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RE: RE Checkpoint 3.4 again

From: Charles McCathieNevile <charles@w3.org>
Date: Wed, 1 Aug 2001 17:56:28 -0400 (EDT)
To: Joel Sanda <joels@ecollege.com>
cc: "'Anne Pemberton'" <apembert@erols.com>, "'Jo Miller'" <jo@bendingline.com>, <w3c-wai-gl@w3.org>
Message-ID: <Pine.LNX.4.30.0108011749440.3826-100000@tux.w3.org>
Yes. Well, sort of. We are not enforcing it, we are pointing out that it
needs to be done to make content accessible to people with disabilities. If
your society (nation, state, local club, household) requires you to make
things accessible to people with disabilities we are creating the technical
resource that explains what you need to do. You maythen choose how to use
that resource in relation to the customs, rules and taboos of that society.

One of those symbolic systems we require is text. 3.4 is an attempt (and I
agree, at this stage it is far from complete or effective) to provide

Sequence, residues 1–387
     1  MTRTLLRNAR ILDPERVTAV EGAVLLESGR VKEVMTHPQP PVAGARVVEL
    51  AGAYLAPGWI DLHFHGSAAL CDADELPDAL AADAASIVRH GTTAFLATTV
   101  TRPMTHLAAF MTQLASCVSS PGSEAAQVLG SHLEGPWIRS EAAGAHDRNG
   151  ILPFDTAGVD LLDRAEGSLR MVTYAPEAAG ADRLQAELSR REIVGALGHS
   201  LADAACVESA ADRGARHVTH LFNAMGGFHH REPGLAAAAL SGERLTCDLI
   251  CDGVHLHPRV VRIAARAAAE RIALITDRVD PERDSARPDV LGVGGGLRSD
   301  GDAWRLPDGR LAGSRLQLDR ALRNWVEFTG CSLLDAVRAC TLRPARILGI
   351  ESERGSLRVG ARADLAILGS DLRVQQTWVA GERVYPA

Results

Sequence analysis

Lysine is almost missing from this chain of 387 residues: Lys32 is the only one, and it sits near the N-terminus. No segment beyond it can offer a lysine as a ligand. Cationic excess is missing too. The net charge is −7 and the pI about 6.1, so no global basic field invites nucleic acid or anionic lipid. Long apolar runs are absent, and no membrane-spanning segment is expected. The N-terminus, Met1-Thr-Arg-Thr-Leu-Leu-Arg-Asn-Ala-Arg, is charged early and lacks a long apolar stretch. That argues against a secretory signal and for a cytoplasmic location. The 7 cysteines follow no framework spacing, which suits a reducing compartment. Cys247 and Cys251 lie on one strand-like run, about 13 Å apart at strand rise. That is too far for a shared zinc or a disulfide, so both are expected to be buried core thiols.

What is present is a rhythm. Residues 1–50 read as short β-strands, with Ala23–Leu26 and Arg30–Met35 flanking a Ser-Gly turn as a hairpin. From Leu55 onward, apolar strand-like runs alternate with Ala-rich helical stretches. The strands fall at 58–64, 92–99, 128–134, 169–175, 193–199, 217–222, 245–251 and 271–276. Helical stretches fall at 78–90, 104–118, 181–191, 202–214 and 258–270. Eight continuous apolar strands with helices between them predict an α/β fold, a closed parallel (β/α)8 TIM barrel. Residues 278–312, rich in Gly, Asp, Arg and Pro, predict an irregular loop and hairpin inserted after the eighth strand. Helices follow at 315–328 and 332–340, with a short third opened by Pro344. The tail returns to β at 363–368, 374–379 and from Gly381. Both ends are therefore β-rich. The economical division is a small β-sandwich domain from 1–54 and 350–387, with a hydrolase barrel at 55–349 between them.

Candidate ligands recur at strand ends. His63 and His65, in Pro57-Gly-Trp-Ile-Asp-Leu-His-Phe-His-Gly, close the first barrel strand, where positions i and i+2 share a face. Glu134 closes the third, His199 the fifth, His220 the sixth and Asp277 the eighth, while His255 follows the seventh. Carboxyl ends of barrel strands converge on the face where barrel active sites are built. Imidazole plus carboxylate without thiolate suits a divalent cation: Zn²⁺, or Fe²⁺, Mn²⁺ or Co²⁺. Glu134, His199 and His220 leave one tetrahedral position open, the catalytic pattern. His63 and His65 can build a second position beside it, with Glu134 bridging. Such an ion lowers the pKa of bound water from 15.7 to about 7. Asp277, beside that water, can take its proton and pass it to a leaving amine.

guidance for another symbolic system. The Deaf community where I live aren't
very interested in text, becuase it is not very comprehensible. They have a
symbolic system of language (Auslan, a sign language), they are mostly fond
of graphic comunication in general which they find comprehensible (gross
generalisation warning). If you want an effective way to make content
accessible to this group, provide it in signed form. Or at least in
graphic-rich form.

I can't force people to make stuff accessible. I can tell them how (to the
best of my knowledge, which is mostly borrowed from the whole of this group,
and then summarised by me). WCAG is in the same situation.



On Wed, 1 Aug 2001, Joel Sanda wrote:

  Anne -

  Any method of representing one thing with another is a symbolic system of
  expression. But that means pure text is symbolic, as well - as is all
  language. The fear many of have, though, is that we're enforcing methods of
  expression onto developers and content authors.
Received on Wednesday, 1 August 2001 17:56:32 UTC

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